10 Reasons Growing Up on PC Games Made Me a Responsible Adult
There's a lesson in everything we do, even when you're playing as a fat, Italian plumber who does no actual plumbing.
A common refrain among parents is that video games will ruin your life. However, I recently realized that there are a lot of ways that playing video games actually helped me to become a responsible adult. Adulthood is definitely scary when it’s looming over your head, but if you take a closer look at the things you love, you can pick up a lot of valuable lessons from them.
Here are the things that I learned from growing up on PC games...
1. Time Management
Nostalgia attack! Does it feel enough like the ’90s yet?
I’m sure you feel skeptical about this; after all, who knows more than gamers about spending lots of time on something?
My age is showing, but here goes: I learned time management because I grew up on dial-up Internet.
Most people who remember dial-up groan and cringe at the sound of the noise that meant we were connecting.
But I associate that sound with freedom.
You need more pylons. Whether you can build them or not.
Let me explain. My dad has worked nights almost my entire life. So for us, we grew accustomed to his schedule and tend to sleep in until he gets up.
I’ve had insomnia since I was really little, but Saturday mornings were the one time I knew I had complete reign over the downstairs.
I began to get up early on Saturdays and ended up having about 4 hours to myself to use the Internet with no interference at all. The sound of dial-up, to me, is the sweet sound of “I can do whatever I want.”
Of course, that time was mostly spent playing computer games and going on the Nintendo forums (which no longer exist in their original form).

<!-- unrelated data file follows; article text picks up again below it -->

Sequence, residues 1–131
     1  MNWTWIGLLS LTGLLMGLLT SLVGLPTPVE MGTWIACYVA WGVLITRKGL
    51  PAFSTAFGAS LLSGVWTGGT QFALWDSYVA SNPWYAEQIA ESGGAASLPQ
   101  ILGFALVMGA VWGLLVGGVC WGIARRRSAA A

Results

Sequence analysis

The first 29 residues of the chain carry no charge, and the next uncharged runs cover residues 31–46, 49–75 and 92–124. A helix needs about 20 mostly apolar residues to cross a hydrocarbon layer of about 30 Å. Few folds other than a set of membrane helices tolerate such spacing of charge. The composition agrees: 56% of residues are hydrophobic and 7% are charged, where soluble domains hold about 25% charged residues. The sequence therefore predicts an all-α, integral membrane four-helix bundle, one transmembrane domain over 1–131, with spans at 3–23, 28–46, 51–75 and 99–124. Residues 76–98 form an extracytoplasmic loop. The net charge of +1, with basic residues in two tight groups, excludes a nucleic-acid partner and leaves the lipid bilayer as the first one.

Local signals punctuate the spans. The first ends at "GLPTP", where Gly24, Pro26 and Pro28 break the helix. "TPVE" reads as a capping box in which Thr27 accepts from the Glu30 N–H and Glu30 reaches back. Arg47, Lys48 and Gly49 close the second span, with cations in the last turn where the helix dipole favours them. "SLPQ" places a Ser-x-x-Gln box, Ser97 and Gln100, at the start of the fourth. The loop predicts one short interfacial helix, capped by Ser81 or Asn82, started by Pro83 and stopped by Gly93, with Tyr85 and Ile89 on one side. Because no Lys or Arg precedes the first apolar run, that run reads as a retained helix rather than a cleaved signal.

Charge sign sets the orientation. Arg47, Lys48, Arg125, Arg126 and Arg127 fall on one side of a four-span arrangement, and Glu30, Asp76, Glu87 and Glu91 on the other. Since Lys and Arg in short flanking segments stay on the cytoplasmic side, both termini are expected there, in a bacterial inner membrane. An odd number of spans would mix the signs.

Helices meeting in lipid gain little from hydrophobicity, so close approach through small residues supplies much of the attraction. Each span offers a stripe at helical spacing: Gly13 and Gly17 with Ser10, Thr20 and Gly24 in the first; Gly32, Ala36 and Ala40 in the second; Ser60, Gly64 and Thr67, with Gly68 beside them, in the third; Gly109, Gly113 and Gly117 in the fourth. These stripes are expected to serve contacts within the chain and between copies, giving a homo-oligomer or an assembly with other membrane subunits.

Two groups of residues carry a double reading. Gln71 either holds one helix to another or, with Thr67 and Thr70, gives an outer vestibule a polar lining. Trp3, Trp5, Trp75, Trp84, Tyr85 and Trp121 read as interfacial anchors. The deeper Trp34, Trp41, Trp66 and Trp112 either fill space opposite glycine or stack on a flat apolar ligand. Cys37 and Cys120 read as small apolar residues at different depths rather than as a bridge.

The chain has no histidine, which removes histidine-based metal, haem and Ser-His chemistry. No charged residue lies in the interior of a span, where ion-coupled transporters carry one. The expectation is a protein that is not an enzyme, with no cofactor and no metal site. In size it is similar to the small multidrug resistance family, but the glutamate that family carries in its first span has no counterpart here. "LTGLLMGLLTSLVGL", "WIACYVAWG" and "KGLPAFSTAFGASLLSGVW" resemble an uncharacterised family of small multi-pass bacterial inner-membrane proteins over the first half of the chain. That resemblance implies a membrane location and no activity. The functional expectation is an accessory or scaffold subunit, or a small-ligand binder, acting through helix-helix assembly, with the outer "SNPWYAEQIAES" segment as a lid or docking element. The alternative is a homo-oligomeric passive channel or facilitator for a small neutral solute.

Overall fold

Despite my insomnia, I actively chose to get up early so I could have time to do the things I enjoyed without someone griping about wanting to use the computer or make a phone call.
I learned time management from games, simply because I valued being able to sit in peace and quiet while doing the things I loved the most.
This skill has saved my butt so many times. Choosing to alter a part of your schedule is a big commitment, but it paid off because I was able to apply this ability to finding time to both work and play without getting too stressed.
Don’t tell me you didn’t love the crap out of Pocket Tanks.
This might sound a bit silly, but I think video games helped to teach me to be entertained on my own. I’ve always loved reading, just as much as I love video games, and having these two hobbies really taught me that I didn’t need other people in order to have fun.
The majority of my social interaction happened at school, not outside of it, so having a hobby at such a young age helped me to avoid feeling lonely.
Amnesia: the Dark Descent reminds me a lot of the games I played growing up.
Sure, I had friends that I was close to, but I kept to myself most of the time after school hours. I never felt like I had a deprived childhood because I was on my own during my free time.